3. Talk to them.  If you are concerned about something you see on their “wall” or Twitter feed, talk to them about it.  One of the worst things a parent can do is let their kids feel like they don’t care.  Talking to them about what is going on in their life will make the conversations where you are concerned go a lot smoother.
The craze for social networking site is spreading like an epidemic among us and even at an alarming rates among the teenagers. These social networking sites have rapidly entered our homes through internet. The age group most adversely affected by this menace is young children and teenagers. The time which they are supposed devote to their studies is being wasted in chatting over these sites.  This adversely affects their studies, career and mentality.These sites are eating up most of the precious time of children who at the age when they should be shaping their future, keep glued to their computer screen chatting with their online friends many of whom are strangers and most of the times with fake identiies.  In this race of building relations in a virtual world they are going far from the real world relations. They dont have time to sit and talk to their family members because they are busy chatting to the friends whom they dont even know.They are living and enjoying a virtual social circle. Such is the effect of these social sites that they have forgotten the value and importance of real social relations. To save their children from this addiction, parents should spend time with their children. They should develop friendly relations with them. Keeping children busy in other productive activities of their interest is the best way to fight this problem. They should keep a check on the number of hours spent on internet by their children. Goverment should also make strict cyber laws to curb this menace because the future of any country is in the hands of its children. We can not afford to currupt our young minds with useless activities.

Are social networks detrimental to children and teenagers' well-being? In the past few years, social networks have become more and more popular. More people join social networks every single day,  and social networking doesn’t seem to be something that is a passing trend. The Nielsen Company has even reported that “people in the U.S. continue to spend more time on social networking and blog sites as well, with total minutes increasing 210% year-over-year and the average time per person increasing 143% year-over-year in December 2009” (Nielsen 1). People are spending more time on social networks than ever before. While social networks have negative effects on everyone, teenagers and children are especially stunted by them. Social networks are detrimental to children because communications skills are affected, users can become addicted to these sites, and cyber bullying is prevalent.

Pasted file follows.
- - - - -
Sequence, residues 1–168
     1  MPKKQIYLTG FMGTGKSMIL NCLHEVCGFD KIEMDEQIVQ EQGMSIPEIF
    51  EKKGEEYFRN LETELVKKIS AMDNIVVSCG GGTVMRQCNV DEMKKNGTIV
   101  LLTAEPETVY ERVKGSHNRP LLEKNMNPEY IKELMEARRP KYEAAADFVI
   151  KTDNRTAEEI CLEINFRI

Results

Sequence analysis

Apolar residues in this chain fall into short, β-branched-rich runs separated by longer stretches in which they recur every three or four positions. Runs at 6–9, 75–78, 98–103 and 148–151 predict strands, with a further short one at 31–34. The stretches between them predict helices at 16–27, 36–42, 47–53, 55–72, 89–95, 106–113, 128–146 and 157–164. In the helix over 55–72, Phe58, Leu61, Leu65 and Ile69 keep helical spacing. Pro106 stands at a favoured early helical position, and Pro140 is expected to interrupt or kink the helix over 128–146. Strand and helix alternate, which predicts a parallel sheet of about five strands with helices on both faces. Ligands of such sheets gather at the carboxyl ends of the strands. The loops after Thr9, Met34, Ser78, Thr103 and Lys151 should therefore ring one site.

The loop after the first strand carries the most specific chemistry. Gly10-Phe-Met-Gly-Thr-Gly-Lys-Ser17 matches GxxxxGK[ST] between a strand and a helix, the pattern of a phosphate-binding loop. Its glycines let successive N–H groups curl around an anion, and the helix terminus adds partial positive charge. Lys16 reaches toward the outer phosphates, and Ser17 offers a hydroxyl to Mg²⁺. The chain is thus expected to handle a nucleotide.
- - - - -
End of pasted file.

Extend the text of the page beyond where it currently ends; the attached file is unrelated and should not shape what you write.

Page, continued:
Communication Skills
Parents shouldn’t allow their children to use social networks because communication development is crucial for children and teenagers, and social networks impair communication skills. According to, “a bit more than a third (37%) of social network-using teens said they sent messages to friends every day through the social sites, a drop from the 42% of such teens who said they did so in February of 2008” (Pew). Face to face communication among children and teenagers is being squashed out by social networks. A phone call isn’t used to get in touch with someone anymore, Facebook and Twitter are the main tools of communication. The consequences of this are social awkwardness and even social anxiety when confronted with new people to meet in person. A study was done by among teenagers on social networks, and the amount of communication among teenagers on social networks, and the amount of communication by social network has remained steady.

Teen activities on SNS